My research work and interests have taken me down the path of child-friendly spaces. Earlier this month I gave a presentation on the importance of child spaces for children in Fiji and also had an article published in Mai Life magazine on how necessary third spaces are for children. Spaces for children, that are child-friendly, collaborative and engaged can make a difference across a variety of contexts. Three such contexts include children who are not in school, children in conflict zones and children in areas affected by natural disasters.
Children’s Reading Space, Levuka, Fiji (photo credit: Levuka Community Centre)
Children Out of School and Home. In Fiji, there appears to be two main spaces in which children live their childhoods: the home, with their family and the school. All other activities tied to childhood like sports, friendship circles, religious activities and so on are tied heavily to the home and the school. Yet not all children go to school. With so much focus on developing childhoods around the home and school we forget about children who aren’t living their childhoods in either of these spaces. Take for instance children on the streets. Third, or alternative spaces (to the home and school), such as the children’s reading room we support provide another space that children can access.
5 year old Amani at a World Vision child-friendly space in the “AL Marej Tented Settlements”. Amani explains, “I’m trying to build a room. It reminds me of my room in our house in Syria. This is the only place that makes me happy – there’s a lot of toys here.” (photo credit: Ralph Baydoun, World Vision)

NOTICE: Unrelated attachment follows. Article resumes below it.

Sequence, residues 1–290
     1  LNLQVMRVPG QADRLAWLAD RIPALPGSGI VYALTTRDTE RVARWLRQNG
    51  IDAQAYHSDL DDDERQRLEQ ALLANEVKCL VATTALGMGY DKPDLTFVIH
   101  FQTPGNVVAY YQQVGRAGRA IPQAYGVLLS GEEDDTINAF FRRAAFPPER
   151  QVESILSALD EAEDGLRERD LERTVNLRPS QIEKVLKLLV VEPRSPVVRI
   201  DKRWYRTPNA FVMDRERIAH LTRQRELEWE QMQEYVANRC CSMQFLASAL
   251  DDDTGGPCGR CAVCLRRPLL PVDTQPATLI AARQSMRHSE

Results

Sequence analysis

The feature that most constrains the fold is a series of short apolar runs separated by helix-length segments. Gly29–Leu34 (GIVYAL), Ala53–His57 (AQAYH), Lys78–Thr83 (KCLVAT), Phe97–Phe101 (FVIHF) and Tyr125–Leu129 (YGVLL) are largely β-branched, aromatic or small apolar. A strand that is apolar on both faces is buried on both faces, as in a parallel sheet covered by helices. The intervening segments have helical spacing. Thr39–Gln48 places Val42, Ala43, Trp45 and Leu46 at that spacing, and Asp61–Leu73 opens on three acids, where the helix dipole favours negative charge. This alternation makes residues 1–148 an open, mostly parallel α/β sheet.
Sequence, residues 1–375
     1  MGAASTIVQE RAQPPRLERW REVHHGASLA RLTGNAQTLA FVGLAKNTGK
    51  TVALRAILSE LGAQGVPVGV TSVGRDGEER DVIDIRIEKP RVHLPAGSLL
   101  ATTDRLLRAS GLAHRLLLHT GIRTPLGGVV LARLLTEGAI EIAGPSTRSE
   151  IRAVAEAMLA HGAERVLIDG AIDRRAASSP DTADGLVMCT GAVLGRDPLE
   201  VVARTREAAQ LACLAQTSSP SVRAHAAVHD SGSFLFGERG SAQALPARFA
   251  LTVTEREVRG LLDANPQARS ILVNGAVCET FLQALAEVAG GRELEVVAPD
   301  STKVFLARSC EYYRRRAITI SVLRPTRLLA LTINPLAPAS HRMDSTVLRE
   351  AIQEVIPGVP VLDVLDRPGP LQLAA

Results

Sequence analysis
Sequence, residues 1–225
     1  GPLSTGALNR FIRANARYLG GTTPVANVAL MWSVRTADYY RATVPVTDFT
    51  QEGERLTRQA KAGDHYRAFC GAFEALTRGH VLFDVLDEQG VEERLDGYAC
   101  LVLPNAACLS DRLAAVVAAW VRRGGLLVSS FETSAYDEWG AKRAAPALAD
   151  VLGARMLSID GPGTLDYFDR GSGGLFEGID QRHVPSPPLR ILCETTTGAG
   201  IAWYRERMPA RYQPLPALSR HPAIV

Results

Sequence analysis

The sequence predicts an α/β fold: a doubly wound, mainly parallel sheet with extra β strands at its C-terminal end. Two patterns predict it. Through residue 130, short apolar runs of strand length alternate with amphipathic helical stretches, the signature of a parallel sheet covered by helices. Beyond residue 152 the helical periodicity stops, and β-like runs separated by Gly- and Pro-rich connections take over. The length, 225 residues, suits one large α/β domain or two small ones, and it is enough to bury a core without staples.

Children in Conflict Areas. While I have no direct experience working with children in conflict areas, as a World Vision Blog Ambassador I am aware of the work World Vision does with children in these areas. There are children in countries like South Sudan, Syria and Gaza who live in environments where they experience extreme conflict or are refugees. World Vision psychosocial specialist Alison Schafer explains, “it is a common misconception that young children do not understand stressful or violent events and so are not as affected as adults. Their young minds process much more than is often credited.” Children simply experience events (conflict, poverty, natural disasters) differently to adults.
Children learning songs and dances at World Vision’s Child-Friendly Space in the Binu community, Solomon Islands (photo credit: Suzanne Wargo, World Vision)
Children in Areas Affected by Natural Disasters. As a Pacific Islander I’m well aware of the consequences of natural disasters on communities. Cyclone Pam in Vanuatu significantly affected the country, especially children. Following the severe flooding that affected the Guadalcanal Plains in the Solomon Islands in April 2014, World Vision established Child-Friendly Spaces where over 900 children benefited from a space where they could regain a sense of normalcy and participate in early childhood education activities.
Child-friendly space, Nepal. (photo credit: World Vision)
World Vision’s response during the Nepal earthquake included child-friendly spaces that catered to both the immediate emotional and practical needs of children. Protected spaces like these help children come to terms with their loss and offer a place of calm amidst the chaos.
These spaces allow children to play and learn where regardless of their lived realities (be it out of school children, refugees or children’s whose lives have been changed by natural disasters) they can just be children. Some of these spaces have the additional purpose of educating children and raising awareness about issues like education, hygiene and sanitation. All within an environment that is safe and inclusive, often in direct contrast to their everyday lives. As adults we’re easily able to access alternative spaces and communities like coffee shops, sporting groups, religious organisations independently. Children on the other hand cannot and rely on organisations like World Vision to provide them with access to alternative spaces of play, learning and childhoods.
You can find more of my posts for World Vision here.